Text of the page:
Over the weekend, the LSU-Alabama football rivalry took on a whole new meaning in the household of St. Thomas More’s Bailey Raborn.

After rescinding a five-month commitment to punt and kick off for UCLA, Raborn changed his college path with a decision to join LSU’s team as a preferred walk-on in the same role.

That means when LSU hosts Alabama next Nov. 5, Raborn could oppose his older brother Gunnar, a sophomore reserve place-kicker for the Crimson Tide.

“I still love my brother,” Raborn said. “I never say the words, ‘Roll Tide’, but it’s been ‘Go Gunnar’. We’re excited to get on the field and compete against each other when the day comes.”

Bailey Raborn, the nation’s No. 2-rated punter according to kicking guru Chris Sailer, initially selected UCLA following a successful performance this summer at the Bruins’ camp, which prompted a scholarship offer and commitment.

“As soon as I committed to UCLA, I felt good and loved everything about it,” he said. “After a few months, I started thinking that I couldn’t leave Louisiana. I couldn’t leave all of my friends. I decided to decommit and see if I could get any looks at other schools.”

Mississippi State was one school to offer Raborn, a 6-foot, 195-pounder, while Southern Mississippi also expressed interest.

Because of his commitment to UCLA the week before, Raborn opted to bypass LSU’s kicking camp and went through his senior season without hearing from the Tigers.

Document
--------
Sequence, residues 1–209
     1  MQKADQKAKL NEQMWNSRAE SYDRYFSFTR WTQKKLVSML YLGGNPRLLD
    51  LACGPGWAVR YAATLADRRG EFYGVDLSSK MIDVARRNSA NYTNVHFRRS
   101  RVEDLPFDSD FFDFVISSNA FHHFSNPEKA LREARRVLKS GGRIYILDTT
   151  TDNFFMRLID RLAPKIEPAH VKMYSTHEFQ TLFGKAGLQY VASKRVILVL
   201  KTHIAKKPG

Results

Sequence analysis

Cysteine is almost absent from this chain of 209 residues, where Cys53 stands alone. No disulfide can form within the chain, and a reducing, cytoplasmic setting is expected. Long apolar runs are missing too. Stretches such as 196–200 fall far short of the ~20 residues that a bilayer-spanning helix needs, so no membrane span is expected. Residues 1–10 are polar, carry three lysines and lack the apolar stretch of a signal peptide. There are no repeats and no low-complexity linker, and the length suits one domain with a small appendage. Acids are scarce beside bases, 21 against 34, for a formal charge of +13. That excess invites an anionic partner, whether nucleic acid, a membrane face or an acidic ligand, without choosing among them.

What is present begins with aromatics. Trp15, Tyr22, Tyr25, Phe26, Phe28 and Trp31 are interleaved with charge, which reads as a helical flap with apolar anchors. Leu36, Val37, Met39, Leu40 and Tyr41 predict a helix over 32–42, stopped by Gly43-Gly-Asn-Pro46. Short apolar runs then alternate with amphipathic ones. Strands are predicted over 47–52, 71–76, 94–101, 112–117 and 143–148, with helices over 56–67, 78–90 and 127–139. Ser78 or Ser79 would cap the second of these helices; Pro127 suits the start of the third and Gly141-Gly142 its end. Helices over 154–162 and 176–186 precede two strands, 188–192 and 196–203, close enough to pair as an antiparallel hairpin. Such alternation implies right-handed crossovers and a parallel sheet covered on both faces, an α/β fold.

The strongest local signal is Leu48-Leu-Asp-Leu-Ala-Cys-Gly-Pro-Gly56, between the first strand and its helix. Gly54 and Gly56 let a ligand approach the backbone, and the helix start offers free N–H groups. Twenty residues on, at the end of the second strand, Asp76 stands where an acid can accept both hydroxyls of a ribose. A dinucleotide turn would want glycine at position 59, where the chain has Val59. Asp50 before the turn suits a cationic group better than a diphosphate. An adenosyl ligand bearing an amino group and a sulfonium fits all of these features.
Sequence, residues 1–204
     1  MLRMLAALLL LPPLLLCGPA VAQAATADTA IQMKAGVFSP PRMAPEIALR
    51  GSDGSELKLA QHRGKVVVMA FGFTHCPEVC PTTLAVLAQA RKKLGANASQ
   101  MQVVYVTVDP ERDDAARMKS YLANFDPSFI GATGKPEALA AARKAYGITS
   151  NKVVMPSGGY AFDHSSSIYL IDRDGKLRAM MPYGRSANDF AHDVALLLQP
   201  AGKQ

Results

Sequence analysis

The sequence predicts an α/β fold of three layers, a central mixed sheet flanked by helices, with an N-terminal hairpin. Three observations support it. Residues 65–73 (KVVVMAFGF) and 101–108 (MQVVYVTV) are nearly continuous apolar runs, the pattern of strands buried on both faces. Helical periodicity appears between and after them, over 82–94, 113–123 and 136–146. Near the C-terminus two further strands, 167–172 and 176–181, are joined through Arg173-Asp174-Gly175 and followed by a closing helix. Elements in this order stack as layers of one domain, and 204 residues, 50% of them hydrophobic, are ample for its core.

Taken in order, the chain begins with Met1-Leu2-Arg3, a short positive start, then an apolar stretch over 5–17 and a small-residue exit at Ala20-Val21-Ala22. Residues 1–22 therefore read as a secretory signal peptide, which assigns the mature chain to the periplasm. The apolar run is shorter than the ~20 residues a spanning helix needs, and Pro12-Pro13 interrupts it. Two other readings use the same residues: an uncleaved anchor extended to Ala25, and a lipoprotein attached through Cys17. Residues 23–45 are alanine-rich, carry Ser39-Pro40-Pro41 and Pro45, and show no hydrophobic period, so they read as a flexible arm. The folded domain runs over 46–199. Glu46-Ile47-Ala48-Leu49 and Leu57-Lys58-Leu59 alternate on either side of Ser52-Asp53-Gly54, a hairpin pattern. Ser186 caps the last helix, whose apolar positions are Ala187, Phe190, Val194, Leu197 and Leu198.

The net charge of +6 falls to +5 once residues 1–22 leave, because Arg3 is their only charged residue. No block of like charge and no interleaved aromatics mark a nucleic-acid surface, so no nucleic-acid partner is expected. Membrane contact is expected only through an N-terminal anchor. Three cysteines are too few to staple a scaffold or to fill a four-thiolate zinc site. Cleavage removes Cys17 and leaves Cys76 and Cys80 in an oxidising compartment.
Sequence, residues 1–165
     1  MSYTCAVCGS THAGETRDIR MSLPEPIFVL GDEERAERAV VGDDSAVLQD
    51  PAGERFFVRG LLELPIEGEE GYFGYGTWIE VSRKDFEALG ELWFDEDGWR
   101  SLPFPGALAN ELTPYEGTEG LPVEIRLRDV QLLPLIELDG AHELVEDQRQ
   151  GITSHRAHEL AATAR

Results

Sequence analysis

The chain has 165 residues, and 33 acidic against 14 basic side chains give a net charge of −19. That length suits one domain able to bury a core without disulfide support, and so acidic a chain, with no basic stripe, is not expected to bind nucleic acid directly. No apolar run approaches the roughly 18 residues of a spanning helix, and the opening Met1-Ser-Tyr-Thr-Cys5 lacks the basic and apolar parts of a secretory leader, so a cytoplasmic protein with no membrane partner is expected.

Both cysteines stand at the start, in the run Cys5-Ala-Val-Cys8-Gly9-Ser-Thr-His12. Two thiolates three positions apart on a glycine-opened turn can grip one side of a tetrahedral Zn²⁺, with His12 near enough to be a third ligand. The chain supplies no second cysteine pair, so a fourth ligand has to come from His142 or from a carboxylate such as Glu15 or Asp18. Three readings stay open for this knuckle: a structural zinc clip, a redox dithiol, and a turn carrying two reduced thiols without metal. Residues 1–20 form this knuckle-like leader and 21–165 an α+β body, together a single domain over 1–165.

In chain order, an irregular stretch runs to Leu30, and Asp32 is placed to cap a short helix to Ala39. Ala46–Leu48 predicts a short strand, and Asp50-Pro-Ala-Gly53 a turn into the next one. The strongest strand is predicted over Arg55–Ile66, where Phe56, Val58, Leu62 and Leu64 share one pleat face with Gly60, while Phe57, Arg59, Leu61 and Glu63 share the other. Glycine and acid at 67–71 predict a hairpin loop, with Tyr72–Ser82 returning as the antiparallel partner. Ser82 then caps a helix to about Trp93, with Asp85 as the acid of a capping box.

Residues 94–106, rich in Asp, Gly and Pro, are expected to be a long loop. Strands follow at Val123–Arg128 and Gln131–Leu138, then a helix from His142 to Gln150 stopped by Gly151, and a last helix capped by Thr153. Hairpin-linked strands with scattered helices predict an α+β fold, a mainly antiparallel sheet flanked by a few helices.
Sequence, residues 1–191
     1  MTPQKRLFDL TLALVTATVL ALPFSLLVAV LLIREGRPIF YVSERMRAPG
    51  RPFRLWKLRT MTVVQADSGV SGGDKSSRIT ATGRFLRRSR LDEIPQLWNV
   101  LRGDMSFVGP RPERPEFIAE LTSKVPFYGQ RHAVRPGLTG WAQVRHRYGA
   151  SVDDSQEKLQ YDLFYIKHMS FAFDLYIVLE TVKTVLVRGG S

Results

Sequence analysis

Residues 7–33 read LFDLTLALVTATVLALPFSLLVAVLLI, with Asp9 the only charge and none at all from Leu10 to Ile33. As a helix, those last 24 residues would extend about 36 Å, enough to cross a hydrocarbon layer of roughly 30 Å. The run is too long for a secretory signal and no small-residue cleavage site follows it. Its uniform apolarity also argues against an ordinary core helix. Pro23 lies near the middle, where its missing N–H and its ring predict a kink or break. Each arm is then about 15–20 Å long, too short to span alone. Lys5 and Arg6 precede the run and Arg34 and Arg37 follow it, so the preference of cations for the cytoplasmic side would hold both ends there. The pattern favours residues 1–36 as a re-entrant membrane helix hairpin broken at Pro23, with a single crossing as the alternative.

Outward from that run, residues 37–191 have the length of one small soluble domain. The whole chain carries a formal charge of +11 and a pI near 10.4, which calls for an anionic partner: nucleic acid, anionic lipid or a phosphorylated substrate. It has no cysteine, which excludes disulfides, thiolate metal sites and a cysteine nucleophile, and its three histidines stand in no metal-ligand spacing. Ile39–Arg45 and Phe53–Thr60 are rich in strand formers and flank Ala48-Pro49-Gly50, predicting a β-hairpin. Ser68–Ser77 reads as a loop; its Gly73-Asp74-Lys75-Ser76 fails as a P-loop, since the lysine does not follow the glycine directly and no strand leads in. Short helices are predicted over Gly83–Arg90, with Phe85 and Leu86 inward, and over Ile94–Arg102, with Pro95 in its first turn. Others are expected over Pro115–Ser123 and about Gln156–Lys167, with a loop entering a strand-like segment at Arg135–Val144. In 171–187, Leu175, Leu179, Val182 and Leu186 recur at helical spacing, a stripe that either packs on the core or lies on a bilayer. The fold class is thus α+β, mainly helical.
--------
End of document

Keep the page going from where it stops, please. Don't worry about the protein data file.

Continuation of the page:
Once he stepped back from his pledge, the Tigers ramped up their interest in Raborn, which led to a phone conversation with special teams coach Bradley Dale Peveto.

“He said I had a good chance of coming in and earning a job,” Raborn said. “From his enthusiasm on the phone, I could tell they really liked me and really wanted me here. It was my goal to get an offer, and I explained that since my brother was a preferred walk-on at Alabama, I wanted to help out my family and get a scholarship.”

LSU coach Les Miles explained his desire to have Raborn as a part of his program but initially it would have to be the identical route current scholarship kickers Trent Domingue and Colby Delahoussaye followed after beginning as preferred walk-ons.

Over the past two seasons, Raborn, a first-team All-District 4-4A kicker, has booted 72 percent (104 of 144) of his kickoffs for touchbacks.

This season, Raborn averaged 40.8 yards on 25 punts with a long of 63 yards and dropped 13 punts inside the 20-yard line. He was also 55-of-57 on extra points and 5-of-8 on field goals.

“There’s just something in the heart. I felt LSU’s in my blood,” Raborn said. “I’ve been going to games there since I was little. That was my dream school. I honestly never thought the opportunity to play there would happen, but when I got the chance, it was something I couldn’t risk not taking.”